[PR] Ferguson Marine Shipyard to be taken into public control

By: Steven Tarbox
Last updated:
GLEN SANNOX hits the water for the first time as she is launched from the slipway at Ferguson Marine. Ferguson Marine.
GLEN SANNOX hits the water for the first time as she is launched from the slipway at Ferguson Marine. Ferguson Marine.

The Scottish Government has reached an agreement with administrators to take the Ferguson Marine shipyard in Port Glasgow into public control. The agreement will enable completion of the two ferries being built there for Caledonian Maritime Assets Ltd (CMAL).  It will also ensure work continues towards delivery of the other vessels currently under construction and secure a future for the yard through continuity of employment for the workforce. This follows two years of extensive discussions with partners to try and find a workable commercial solution.

Economy Secretary Derek Mackay visited the yard this morning to speak to the workforce and outlined the Scottish Government’s commitment to achieving the best possible outcome for the yard.  He also met with the newly-appointed turnaround director who will take forward steps to stabilise the business and support the recruitment of an incoming management team, including a Chief Executive Officer.

Mr Mackay said: “We have always been clear that we want to complete the vessels, secure jobs and give the yard a future. I am here today to ensure that we hit the ground running in making that happen and to reassure Ferguson’s excellent staff of the government’s commitment.

“Public control will provide much-needed continuity of employment now and ensure the completion of the CMAL ferry contracts at the lowest possible cost to the taxpayer. It is absolutely essential that the outstanding contracts to build these two ferries are completed in order to sustain the Clyde and Hebrides Ferry Services network and provide vital support for the economies of our island communities.

“The alternative was for the government to stand aside while the company went into administration, resulting in the jobs being lost and the vessels not being completed. That was not an outcome I was willing to consider.

“We are now working to put in place a management team which will refocus all efforts on completing this vital government contract. We will also be working closely with staff and the trades unions – as well as suppliers and customers – to achieve the best possible outcome for the yard.”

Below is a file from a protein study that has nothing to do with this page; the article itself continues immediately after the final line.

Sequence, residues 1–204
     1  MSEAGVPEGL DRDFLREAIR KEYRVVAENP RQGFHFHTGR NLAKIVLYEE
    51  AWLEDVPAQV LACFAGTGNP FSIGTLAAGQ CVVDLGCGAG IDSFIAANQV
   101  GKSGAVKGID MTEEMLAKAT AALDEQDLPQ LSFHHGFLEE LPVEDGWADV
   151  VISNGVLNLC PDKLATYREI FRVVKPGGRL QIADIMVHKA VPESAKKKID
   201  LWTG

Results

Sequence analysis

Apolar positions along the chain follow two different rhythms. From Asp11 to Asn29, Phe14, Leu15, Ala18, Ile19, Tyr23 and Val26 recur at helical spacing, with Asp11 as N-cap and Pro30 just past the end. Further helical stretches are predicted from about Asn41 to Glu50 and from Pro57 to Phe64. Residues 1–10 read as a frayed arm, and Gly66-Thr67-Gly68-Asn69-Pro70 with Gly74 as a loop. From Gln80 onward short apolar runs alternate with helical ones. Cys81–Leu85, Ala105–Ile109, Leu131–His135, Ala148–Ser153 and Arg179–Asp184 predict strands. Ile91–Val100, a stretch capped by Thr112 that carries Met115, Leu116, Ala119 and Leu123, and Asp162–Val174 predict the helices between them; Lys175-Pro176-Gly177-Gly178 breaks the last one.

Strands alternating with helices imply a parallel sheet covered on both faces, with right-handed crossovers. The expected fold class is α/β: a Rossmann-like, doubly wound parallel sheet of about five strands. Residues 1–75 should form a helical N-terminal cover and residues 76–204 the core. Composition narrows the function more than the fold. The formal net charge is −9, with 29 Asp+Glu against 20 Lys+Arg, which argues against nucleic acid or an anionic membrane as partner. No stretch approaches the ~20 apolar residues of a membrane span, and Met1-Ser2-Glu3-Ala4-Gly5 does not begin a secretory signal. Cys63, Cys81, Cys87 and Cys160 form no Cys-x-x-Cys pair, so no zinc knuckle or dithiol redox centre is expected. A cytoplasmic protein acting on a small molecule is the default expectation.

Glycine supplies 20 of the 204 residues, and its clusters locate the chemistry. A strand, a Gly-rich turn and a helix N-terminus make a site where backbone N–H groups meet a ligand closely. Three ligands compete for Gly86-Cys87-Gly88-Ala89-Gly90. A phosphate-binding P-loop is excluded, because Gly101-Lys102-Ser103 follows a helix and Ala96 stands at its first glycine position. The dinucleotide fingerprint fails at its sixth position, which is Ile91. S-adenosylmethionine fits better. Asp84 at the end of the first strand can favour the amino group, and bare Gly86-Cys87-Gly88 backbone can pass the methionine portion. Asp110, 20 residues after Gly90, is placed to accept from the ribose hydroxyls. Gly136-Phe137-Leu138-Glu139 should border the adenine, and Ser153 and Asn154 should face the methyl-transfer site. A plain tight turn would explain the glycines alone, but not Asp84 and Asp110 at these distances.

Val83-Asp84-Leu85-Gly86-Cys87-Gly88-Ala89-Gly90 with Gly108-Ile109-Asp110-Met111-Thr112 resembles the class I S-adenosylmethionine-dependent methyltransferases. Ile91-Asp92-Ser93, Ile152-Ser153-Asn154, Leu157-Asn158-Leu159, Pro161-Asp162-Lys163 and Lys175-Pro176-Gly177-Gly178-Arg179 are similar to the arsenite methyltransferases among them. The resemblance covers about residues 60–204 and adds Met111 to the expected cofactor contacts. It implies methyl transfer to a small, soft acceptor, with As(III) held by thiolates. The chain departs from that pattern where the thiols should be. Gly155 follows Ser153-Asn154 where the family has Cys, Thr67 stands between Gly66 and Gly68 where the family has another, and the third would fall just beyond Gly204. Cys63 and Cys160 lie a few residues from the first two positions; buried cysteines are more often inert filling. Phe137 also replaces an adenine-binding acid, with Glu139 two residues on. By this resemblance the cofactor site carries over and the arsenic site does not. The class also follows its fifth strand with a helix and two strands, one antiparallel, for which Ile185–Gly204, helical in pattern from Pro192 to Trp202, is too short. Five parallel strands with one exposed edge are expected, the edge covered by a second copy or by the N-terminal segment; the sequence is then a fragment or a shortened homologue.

GMB Scotland Organiser and CSEU Scotland Chair, Gary Cook, said: 

“Nationalisation secures the immediate future of the yard and that is a very welcome development, particularly after all the recent uncertainty. 

“Our members were caught in the middle of a situation that had nothing to do with them and their relief will be palpable. It is five years since the yard went bust and the Scottish Government has prevented that from happening again.

“We can now look to the future and everyone should do so with a sense of purpose. With vision and competency we can get on with building the ships Scotland needs and together we can grow jobs and prosperity on the lower Clyde.”

Unite Scottish Secretary, Pat Rafferty, said:

“Unite fully supports the actions of the Scottish Government to intervene and nationalise Ferguson Marine shipyards. It’s clear at this stage that nationalisation was the only serious option on the table to save the yard and more than 350 highly skilled jobs. The Scottish Government have rightly acknowledged their obligations to the workforce, and the people the ferries would serve which must be acknowledged. 

“Unite also welcomes the fact that the trade unions have been fully engaged in this process so far. This must remain the case going forward to ensure that the ferries on the existing contract become operable and future contracts can be secured. The yard can have a very successful future and we must all now play our part to make sure this happens.”


The Scottish Government is operating the yard under a management agreement with the administrators while the yard sale process is completed. As part of the agreement entered into with the administrators, the Scottish Government will acquire FMEL at the end of that process should no viable commercial offer be forthcoming during that period. This process is expected to last up to four weeks and will include the administrator undertaking a market testing exercise.

There are around 300 employees at the yard (including permanent, temporary and contract workers). Developing a revised cost analysis to establish the actions required to complete the two CMAL vessels will be one of the main tasks going forward. The routes that the two CMAL vessels will serve will be Ardrossan to Brodick and Uig to Tarbert and Lochmaddy. While the CMAL vessels are completed the Scottish Government will conduct further work to identify a viable future structure for the yard.The Scottish Government will at all times remain open to discussions with any parties interested in securing a viable commercial future for the yard.

Turnaround Director Tim Hair is a qualified Marine Engineer and a member of the Institute of Marine Engineering Science & Technology. He spent his early career working at sea as an Engineer Officer. Since then Mr Hair has worked in a range of industrial business, specialising in transformational change, and he has a track record of stabilising companies in difficult situations. Mr Hair has a wealth of experience across a range of sectors including oil & gas, manufacturing, aerospace and the automotive sector.


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